Workplace investigation, mediation roles are apples and oranges
By AdvocateDaily.com Staff
Organizations faced with workplace conflicts may be required to call in an independent investigator to uncover the root cause of the issues and make recommendations but they shouldn’t, as a general rule, retain the same person to mediate, says Toronto mediator Bernard Morrow.
“The idea of a dual role, where the investigator becomes the mediator, was raised at a recent joint ADR Institute of Ontario/Human Resource Professionals Association meeting,” says Morrow, principal of the full-service dispute resolution firm Morrow Mediation.
“It was floated at the meeting that human resources professionals could partner with mediators to conduct investigations of workplace issues and then provide mediation services. It’s an interesting topic for discussion, but I’d be concerned about an inherent conflict in having one person perform both roles. I suppose it could work in circumstances where the parties to an investigation have all been carefully and thoroughly consulted and provided informed consent to the dual role, but I would want to proceed very cautiously in those cases,” he tells AdvocateDaily.com.
The roles should be separate and distinct, Morrow argues, because the investigator’s role is much different than the mediator’s, which could lead to questions of bias by those participating in each process if the investigator assumes a mediator’s role after the completion of the investigation.
“I’ve worn both hats, but never at the same time,” he says. “When you conduct an investigation, you are involved in an inquisitorial process. You meet with witnesses and ask pointed questions to get the full story from all points of view.
“It’s very divisive and adversarial and, although it’s confidential, when people see me coming and going, they begin to wonder what’s going on,” Morrow says.
However, the demand for such investigations and post-investigation mediation is rising, he notes.
“With amendment’s to Ontario’s Occupational Health and Safety Act in 2010, Bill 132 in 2015, which deals with a range of matters including sexual violence and sexual harassment, and, of course, the recent #MeToo movement, we’re seeing many more workplace complaints,” Morrow says.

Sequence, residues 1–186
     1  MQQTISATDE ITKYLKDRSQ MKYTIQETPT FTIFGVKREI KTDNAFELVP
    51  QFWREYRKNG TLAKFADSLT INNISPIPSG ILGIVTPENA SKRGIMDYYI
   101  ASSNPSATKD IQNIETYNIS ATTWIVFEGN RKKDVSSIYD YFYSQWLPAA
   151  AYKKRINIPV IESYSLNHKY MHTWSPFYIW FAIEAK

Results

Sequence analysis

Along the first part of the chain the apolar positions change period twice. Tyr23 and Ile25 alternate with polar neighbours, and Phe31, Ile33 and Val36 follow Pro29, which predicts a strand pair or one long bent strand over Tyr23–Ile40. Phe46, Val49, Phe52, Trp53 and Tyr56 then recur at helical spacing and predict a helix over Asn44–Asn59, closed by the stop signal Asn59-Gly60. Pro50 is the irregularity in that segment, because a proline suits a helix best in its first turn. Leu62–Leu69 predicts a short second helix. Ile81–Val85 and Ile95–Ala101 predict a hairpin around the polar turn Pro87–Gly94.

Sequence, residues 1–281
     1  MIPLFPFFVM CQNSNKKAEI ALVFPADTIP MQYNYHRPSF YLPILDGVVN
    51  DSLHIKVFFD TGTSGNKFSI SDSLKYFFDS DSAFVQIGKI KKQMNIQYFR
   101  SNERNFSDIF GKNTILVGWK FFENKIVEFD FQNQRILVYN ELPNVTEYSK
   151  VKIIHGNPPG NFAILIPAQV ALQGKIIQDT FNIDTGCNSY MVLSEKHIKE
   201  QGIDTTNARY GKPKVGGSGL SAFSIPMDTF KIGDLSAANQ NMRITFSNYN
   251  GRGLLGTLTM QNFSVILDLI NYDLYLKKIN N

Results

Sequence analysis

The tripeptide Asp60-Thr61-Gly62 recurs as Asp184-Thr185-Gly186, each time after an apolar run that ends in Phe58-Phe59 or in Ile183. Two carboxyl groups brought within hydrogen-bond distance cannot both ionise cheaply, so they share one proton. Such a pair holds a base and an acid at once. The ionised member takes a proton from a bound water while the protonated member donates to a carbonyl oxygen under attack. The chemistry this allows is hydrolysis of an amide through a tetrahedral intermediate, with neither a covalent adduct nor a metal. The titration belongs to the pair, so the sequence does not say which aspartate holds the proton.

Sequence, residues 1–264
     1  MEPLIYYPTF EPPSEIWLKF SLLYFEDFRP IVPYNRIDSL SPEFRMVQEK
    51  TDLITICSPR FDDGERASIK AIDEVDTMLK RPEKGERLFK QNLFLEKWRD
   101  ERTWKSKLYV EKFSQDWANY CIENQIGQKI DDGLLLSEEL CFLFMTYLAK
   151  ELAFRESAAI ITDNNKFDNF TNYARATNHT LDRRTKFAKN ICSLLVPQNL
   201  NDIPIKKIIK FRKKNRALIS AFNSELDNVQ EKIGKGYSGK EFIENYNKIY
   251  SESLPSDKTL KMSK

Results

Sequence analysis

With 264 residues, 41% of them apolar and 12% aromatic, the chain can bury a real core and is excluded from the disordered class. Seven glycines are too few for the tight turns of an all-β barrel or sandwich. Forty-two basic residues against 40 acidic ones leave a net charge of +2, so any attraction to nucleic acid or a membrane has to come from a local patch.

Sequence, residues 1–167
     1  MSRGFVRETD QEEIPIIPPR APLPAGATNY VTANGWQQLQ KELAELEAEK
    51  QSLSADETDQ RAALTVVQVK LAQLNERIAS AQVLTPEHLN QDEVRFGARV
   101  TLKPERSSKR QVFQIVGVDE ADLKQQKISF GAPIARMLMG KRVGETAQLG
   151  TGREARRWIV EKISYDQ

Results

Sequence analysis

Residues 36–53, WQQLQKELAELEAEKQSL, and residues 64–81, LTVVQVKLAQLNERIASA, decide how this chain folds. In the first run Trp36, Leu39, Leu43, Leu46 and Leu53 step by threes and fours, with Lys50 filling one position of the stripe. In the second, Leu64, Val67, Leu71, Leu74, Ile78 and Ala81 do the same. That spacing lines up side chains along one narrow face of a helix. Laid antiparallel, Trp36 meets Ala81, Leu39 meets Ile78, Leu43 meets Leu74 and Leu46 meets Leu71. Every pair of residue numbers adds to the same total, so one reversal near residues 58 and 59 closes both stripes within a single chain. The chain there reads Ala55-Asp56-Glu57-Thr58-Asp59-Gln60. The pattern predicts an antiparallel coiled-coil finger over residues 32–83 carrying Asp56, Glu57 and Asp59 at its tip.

“And so you conduct this divisive investigation into sensitive issues, and, in doing so, you may lay bare the heart and soul of the organization, and the challenge becomes bringing that workplace back together again. Whose role is that? I don’t think it can be the investigator's,” he says.
The nature of the issues dividing the workplace range from fairly simple to complex but resolving them is a very different process than uncovering them, Morrow stresses.
“Many of these complaints are what you might call sandbox disputes,” he says. “They’re frequently personality-based or about the communication style of a manager. They often call for someone to come in and work with the team to establish parameters and protocols around safe and respectful communication and collaboration.”
The restoration phase takes a different skill set to bring parties back together, Morrow says.
He points to the philosophy of his colleague Blaine Donais in bringing restoration ideology to the workplace.
“Blaine is the founder of the Workplace Fairness Institute, which has developed a holistic approach to workplace restoration,” Morrow says.
“A workplace investigation can be disruptive, so through their model, they first assess and evaluate what kind of intervention is needed to establish fair, effective and sustainable solutions for managing and resolving workplace conflicts,” he says. “It could be that an investigation is warranted, but through the assessment process, it may also be determined that training, mediation, focus groups or retreats would be beneficial. Essentially, the services delivered are responsive to the needs of the organization and its people, as revealed through the assessment process.”
When doing internal workplace mediations for organizations, Morrow stresses the importance of follow-up and ongoing monitoring as an essential part of the overall success of any intervention. “It’s crucial to ensure that all the work that went into changing the culture isn’t undone in a few months as people slip back into old habits,” he adds.